Without it, he says, he'd have to use a community health worker or "pull a nurse out of my busy clinic [to] spend their time out in the field each day just watching people take pills."
A surprise request
Fisher says he turned to Taigman for some ideas during a breakfast meeting the two shared several years ago.
Taigman recalls his surprise at the request for help battling tuberculosis.
"I initially looked at him like he had three heads," he says, "because at the beginning of the conversation, I quite honestly didn't know much about (TB). I thought it was kind of gone."
Right now, there are 35 active cases of TB in Ventura County, health officials say. Statewide last year there were 2,145 cases reported in California.
But even with the relatively small number of TB cases in Ventura County (as compared with Los Angeles County with 662 cases reported in 2013), controlling it "can be very difficult," says Eva Reeder, supervising public health nurse for the infectious disease program for Ventura County.
She says before the county began partnering with the paramedics, patients would have to either show up at clinics, or the county would have to send nurses or community health workers to their work or homes to watch them take their medications. And even then, the program was restricted to normal work hours. The paramedic program, she says, has made a big difference.
"It’s changed us from an 8-to-5, Monday-through-Friday program to a 365/24-hour-a-day program," she says.
Coming to the patient
"We show up where the patient would like us to meet him," Taigman says. "Some people are picking raspberries , so we'll go meet them in the raspberry fields ... we'll meet them at their home, we'll meet them at their workplace - wherever they happen to be - and give them their medication."
County officials say this approach also saves money because the paramedics make their house calls during the downtime on their shifts.
The pilot program does have its critics. Vicki Bermudez, a policy consultant with the California Nurses Association, says her organization is concerned about how the pilot program expands paramedics’ authority.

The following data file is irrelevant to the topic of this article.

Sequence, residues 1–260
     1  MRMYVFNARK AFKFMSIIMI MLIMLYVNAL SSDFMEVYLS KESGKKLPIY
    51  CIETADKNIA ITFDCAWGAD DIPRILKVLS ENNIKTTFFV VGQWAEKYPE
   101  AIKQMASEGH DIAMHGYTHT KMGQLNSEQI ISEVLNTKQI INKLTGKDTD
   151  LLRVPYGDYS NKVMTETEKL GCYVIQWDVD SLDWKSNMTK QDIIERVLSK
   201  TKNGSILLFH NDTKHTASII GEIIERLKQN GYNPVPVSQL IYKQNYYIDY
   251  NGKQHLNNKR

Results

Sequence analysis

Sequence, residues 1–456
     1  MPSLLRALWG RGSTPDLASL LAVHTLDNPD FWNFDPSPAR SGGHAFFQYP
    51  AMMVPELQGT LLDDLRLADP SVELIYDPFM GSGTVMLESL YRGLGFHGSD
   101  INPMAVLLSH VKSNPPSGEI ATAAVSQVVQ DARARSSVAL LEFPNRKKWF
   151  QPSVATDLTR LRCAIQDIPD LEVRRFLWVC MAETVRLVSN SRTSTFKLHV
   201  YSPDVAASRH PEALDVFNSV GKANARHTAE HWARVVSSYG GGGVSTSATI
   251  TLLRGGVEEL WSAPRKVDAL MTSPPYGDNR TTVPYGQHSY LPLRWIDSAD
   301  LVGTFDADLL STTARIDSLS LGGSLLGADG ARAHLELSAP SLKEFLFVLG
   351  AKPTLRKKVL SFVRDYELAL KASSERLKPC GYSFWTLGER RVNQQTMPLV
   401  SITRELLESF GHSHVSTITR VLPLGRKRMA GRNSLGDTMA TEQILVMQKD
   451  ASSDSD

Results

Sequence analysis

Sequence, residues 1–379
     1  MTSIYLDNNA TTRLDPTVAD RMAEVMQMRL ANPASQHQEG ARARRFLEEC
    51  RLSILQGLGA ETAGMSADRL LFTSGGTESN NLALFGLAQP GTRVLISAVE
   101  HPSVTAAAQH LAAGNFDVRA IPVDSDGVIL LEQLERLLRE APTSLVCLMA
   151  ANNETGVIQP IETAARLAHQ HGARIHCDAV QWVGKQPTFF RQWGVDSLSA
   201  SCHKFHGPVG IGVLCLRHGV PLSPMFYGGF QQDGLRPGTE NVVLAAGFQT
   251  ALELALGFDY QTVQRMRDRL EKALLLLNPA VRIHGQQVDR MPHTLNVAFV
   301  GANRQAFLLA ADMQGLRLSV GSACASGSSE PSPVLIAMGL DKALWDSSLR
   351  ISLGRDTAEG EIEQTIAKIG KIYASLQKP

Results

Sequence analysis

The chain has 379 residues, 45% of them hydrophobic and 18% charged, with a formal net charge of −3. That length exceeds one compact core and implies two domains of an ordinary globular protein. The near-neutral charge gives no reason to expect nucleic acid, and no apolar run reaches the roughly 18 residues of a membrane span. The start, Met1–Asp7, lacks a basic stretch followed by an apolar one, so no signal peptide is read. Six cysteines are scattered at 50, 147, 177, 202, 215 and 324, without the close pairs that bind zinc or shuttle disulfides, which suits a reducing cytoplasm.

"They’re ... making decisions about allowing the administration of a different medication without the public health nurse actually seeing a patient when there is a side effect or a problem," she says.
Reeder says when paramedics observe side effects, they're instructed to call the supervising nurse to request a hold on the medication. Then the patient is sent to the TB clinic or to an emergency room, depending on their condition.
What's more, Fisher points out, the paramedics who work with TB patients also get several days of TB-specific training – including following a nurse in the field and a doctor in the clinic.
"Paramedics have quite a bit of training, and assessing patients and watching somebody take their medication doesn’t take a nurse," he says.
Among the patients Shultz cares for is a man with a resistant strain of TB who became ill from the strong medication he was prescribed.
"Being paramedics, we’re able to do EKGs and we actually did weekly EKGs for this patient," he says. The electrocardiogram, which tests the heart's electrical activity, discovered a problem, which Shultz says "got him hospitalized and helped save his life."